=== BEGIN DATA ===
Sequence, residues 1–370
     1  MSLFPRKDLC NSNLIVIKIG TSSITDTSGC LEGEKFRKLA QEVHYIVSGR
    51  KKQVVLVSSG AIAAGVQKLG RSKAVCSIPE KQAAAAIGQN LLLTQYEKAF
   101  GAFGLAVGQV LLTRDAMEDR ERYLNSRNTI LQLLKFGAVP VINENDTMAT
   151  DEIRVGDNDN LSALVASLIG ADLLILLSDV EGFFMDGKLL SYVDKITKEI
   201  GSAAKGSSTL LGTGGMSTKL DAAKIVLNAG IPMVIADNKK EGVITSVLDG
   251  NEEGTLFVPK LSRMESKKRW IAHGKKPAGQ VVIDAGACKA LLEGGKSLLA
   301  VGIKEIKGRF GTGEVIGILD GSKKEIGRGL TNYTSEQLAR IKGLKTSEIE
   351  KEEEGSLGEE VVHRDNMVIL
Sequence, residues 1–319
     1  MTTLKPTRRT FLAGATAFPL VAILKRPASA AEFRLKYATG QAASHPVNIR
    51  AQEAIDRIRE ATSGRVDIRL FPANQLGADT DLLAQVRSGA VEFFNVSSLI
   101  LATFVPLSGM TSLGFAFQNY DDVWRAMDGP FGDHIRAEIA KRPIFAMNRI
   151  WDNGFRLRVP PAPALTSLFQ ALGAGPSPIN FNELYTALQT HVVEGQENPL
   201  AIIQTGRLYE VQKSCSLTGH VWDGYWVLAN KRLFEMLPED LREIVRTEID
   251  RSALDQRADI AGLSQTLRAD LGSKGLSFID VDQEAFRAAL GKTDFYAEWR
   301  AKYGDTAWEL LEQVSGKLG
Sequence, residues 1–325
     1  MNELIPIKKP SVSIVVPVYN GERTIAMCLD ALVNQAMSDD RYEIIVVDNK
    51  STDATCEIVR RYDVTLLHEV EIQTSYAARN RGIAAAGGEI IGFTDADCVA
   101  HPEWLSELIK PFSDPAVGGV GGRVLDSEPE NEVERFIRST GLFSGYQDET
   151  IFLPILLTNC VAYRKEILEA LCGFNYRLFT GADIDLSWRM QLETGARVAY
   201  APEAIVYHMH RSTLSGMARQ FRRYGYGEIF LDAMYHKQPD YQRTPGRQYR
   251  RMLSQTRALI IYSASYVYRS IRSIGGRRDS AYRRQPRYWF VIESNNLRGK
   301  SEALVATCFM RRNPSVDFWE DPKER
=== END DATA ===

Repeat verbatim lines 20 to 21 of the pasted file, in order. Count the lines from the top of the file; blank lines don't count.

    51  STDATCEIVR RYDVTLLHEV EIQTSYAARN RGIAAAGGEI IGFTDADCVA
   101  HPEWLSELIK PFSDPAVGGV GGRVLDSEPE NEVERFIRST GLFSGYQDET